Unfortunately, most IT projects are fluff, because most IT projects make improvements in relatively trivial business processes. And while there’s nothing wrong with such improvements, there’s not a lot that’s right about them either.
If you want your IT organization to make a real difference, if you want to get the national recognition that you feel you deserve, then you’ve got to earn that recognition by removing an important limitation in your business. For example, in the mid-80’s I worked with a financial services company which performed a very labor-intensive accounting service for its customers. Since labor was the most important limitation to the business, we did a study on how the information workers spent their time. We discovered a result consistent with the 80-20 rule: 80% of the labor time was spent on 20% of the processes. We rank-ordered the processes that took the most labor hours and focused our IT efforts on improving the ones that would make the most difference. Within less than a year we increased labor efficiency by over 200%, enabling the same workers to handle three times the volume. We didn’t spend a lot of money, and we didn’t use any “bleeding edge” technology; we just applied common IT principles to the processes where they would have the biggest impact.
And we didn’t stop there; we continued to focus on the limitations of the business and make progress in making things better. When efficiency was no longer the primary limitation, we focused on the other limitations of the business: quality, keeping the customer informed, providing good financial controls. The journey never ended – it just shifted direction – as the business grew, got past one limitation and then another.
How do you know what significant business limitations are?
Here are some tips:
1. Look at your company from the outside-in. What limitations are imposed on you from the outside? How might those limitations be overcome? What do your customers want that you don’t offer? What do your competitors offer that you can’t provide?
2. Look at your company financial statements. Where is most of the money going? Is there an opportunity to make drastic cuts in expense by applying technology?
3. Challenge the idea that certain business limitations are immovable. It’s important to periodically test “hard and fast” assumptions. Technology evolves and becomes less expensive, and customer circumstances change over time. For example, online access to certain kinds of data was impossible several years ago because of bandwidth limitations and because of people’s reluctance to use the Internet for critical tasks. But attitudes change, and now might be the time to do something that couldn’t be done a few years ago.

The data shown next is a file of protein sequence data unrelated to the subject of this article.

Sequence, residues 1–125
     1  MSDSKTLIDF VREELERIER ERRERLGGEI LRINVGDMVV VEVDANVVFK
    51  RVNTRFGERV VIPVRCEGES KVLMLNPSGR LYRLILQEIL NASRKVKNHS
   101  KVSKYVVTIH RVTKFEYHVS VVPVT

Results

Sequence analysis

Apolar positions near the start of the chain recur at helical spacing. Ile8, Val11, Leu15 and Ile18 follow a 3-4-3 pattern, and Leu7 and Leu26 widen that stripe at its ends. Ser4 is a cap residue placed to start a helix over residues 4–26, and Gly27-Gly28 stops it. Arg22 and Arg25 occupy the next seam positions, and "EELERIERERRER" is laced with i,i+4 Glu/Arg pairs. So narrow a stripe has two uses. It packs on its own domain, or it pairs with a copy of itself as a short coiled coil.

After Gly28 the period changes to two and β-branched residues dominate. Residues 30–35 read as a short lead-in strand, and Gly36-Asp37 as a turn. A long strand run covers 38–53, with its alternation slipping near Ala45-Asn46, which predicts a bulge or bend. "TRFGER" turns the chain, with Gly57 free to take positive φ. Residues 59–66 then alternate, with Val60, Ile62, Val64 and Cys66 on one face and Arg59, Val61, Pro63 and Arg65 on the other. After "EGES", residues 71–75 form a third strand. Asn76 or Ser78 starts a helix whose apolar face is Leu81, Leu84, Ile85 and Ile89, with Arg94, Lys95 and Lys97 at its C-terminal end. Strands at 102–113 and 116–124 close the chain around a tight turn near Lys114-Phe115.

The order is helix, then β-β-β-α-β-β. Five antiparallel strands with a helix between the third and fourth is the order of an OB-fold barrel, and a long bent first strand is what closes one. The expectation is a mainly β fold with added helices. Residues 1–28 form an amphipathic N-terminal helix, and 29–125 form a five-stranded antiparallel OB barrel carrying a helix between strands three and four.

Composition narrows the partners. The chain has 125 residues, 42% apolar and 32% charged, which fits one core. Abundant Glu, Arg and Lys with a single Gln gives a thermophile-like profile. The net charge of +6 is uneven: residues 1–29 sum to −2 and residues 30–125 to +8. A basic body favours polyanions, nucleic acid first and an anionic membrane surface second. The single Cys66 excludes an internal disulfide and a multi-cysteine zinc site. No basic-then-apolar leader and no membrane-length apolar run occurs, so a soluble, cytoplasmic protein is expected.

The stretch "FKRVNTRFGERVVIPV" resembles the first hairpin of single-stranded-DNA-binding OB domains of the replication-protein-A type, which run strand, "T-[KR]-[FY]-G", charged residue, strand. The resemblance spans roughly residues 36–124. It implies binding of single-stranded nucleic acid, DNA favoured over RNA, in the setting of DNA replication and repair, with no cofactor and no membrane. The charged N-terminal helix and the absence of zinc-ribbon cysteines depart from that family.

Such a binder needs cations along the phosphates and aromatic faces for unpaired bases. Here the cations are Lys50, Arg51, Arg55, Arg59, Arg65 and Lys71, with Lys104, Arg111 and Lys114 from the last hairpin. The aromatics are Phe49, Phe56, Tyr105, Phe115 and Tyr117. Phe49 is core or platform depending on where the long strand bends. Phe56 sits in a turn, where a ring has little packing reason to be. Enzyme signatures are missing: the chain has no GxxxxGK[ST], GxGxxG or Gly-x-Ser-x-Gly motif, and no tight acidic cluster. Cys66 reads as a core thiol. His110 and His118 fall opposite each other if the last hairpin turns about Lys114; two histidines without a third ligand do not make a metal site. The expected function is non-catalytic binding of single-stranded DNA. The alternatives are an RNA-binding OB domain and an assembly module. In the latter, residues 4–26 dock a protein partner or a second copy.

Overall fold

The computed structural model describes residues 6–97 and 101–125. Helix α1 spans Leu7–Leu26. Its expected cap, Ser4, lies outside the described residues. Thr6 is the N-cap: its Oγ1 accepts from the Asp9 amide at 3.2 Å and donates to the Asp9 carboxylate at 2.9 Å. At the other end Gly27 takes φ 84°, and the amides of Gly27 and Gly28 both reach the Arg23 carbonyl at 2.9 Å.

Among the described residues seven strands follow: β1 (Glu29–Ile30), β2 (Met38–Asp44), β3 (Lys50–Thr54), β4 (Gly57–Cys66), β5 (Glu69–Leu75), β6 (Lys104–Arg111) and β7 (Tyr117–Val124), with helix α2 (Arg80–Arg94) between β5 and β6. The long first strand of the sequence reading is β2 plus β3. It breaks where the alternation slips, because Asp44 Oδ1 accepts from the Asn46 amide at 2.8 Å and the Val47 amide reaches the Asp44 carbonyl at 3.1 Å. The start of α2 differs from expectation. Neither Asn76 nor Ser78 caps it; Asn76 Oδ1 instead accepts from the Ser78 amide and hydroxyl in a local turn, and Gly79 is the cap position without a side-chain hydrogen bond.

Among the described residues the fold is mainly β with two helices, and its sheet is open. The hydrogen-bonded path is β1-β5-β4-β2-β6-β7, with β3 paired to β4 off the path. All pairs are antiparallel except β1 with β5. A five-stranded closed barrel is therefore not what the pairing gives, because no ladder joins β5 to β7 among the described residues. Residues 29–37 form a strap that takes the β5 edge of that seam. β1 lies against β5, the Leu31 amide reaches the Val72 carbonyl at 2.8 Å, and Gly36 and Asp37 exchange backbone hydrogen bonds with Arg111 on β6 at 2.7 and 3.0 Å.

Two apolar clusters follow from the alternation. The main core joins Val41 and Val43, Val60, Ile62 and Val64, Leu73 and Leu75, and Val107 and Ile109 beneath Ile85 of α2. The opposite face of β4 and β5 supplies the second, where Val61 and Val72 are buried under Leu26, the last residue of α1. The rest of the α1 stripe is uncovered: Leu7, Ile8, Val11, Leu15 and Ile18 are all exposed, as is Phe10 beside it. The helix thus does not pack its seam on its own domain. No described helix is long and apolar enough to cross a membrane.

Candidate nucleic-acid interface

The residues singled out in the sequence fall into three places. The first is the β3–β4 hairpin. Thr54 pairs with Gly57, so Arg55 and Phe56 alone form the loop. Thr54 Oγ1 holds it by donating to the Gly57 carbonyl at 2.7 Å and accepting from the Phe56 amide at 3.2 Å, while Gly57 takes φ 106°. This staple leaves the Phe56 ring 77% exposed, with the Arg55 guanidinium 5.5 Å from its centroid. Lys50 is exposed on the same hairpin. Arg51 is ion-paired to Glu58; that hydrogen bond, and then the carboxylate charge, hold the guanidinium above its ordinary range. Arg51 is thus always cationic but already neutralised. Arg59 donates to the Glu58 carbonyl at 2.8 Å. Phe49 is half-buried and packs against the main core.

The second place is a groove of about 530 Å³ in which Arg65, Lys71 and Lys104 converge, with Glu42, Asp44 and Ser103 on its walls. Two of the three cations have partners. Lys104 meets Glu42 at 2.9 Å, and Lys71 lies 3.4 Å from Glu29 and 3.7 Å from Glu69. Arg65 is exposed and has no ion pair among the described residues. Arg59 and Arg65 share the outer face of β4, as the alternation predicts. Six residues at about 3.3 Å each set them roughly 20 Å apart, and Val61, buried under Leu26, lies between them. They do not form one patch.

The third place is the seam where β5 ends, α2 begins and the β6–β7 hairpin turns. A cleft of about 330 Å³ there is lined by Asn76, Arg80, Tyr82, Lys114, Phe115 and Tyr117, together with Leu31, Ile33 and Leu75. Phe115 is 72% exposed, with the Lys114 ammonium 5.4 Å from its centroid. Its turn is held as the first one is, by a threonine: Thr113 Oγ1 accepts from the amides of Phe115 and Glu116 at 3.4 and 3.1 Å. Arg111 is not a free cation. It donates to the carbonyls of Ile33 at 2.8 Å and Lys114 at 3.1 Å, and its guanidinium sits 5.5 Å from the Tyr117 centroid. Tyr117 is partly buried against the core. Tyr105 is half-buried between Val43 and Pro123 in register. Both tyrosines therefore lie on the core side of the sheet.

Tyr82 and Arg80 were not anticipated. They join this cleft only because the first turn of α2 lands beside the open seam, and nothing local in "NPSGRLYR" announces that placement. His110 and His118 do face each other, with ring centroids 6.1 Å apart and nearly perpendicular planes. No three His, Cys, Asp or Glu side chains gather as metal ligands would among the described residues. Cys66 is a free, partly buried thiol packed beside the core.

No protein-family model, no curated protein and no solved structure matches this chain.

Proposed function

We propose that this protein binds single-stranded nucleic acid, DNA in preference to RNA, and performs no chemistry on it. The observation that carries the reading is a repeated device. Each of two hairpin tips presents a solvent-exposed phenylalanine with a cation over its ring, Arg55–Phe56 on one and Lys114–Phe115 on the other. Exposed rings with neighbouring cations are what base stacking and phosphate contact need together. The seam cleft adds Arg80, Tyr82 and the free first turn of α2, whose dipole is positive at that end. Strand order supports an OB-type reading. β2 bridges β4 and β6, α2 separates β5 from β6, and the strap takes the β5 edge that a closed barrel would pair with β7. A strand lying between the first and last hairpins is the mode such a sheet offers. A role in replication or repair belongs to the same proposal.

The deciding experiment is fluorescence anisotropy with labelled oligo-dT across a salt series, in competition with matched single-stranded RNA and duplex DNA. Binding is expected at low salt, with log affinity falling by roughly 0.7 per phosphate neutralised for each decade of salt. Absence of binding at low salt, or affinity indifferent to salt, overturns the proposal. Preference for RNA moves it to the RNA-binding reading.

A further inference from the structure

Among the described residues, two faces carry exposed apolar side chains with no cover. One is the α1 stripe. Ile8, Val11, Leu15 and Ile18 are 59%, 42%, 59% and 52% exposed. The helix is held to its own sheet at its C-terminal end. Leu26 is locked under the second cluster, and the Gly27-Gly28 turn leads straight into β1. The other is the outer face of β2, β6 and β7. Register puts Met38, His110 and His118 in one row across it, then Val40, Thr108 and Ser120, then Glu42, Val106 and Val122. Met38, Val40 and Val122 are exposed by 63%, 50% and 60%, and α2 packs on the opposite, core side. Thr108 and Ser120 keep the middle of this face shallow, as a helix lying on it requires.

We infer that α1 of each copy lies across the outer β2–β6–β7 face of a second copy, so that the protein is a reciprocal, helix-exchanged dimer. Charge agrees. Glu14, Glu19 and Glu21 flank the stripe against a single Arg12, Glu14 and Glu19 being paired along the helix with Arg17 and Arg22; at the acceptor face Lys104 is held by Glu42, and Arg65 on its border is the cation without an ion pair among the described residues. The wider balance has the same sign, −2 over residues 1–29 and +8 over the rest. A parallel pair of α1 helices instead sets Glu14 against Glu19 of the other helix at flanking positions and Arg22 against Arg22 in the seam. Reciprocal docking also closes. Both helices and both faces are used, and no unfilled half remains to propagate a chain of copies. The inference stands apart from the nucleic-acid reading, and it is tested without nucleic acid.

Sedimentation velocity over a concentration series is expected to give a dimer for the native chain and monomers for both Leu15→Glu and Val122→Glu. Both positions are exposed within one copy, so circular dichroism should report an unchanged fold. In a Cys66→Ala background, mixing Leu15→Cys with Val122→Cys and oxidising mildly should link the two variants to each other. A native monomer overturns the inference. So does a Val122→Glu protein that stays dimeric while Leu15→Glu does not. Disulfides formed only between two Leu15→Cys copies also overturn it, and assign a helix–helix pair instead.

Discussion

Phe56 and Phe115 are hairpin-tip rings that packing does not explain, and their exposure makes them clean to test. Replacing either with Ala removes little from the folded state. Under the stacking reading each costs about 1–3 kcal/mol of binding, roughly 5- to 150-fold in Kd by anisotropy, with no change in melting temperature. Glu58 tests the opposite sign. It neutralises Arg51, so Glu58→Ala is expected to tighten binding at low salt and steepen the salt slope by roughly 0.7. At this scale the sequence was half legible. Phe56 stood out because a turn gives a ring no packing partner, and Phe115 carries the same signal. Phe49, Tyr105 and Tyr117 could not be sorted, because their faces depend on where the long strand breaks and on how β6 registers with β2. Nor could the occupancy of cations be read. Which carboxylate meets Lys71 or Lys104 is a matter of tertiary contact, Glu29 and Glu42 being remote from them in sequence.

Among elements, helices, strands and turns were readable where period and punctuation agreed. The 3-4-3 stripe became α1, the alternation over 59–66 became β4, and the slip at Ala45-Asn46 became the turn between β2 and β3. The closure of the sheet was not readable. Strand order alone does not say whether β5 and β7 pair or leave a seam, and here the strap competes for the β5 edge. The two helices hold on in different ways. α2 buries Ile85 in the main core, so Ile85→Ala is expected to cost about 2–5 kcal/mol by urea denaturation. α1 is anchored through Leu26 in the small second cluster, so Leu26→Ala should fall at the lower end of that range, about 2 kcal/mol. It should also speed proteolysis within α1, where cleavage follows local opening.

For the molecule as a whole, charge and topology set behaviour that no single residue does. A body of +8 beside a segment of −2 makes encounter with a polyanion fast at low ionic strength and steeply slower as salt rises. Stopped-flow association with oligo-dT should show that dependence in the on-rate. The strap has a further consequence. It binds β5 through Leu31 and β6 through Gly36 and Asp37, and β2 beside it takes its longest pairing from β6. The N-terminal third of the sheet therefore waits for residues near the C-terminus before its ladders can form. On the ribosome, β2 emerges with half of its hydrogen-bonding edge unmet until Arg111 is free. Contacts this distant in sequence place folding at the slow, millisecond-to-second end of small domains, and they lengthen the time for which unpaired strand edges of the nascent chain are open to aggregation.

4. Use fill-in-the-blanks statements to help you think of ideas. For example, use the statement “My business would be _____ [better, or faster, or more efficient, or more profitable, or whatever] if only I could _____, or if only we didn’t _____.” Brainstorm a hundred ideas for each of the blanks, and then pick the best ones to pursue.
5. Although larger meteors are more likely to make it to Earth as meteorites, the reverse is true for projects; larger projects are more likely to fail. So even when you put together a project to eliminate a huge business limitation, break the project into small chunks which can be accomplished one at a time. The smaller chunks will be easier to fund, and will have a much higher likelihood of success.
There’s a tradition of making a wish when you see a shooting star, but it takes more than wishes to create a wildly successful project. If you identify significant business limitations, and overcome them by applying process improvement skills and technology, then you’ll be assured that your project will get more attention than the brief light of a meteor streaking across the sky. And succeeding at such a project can make you a star in your own right.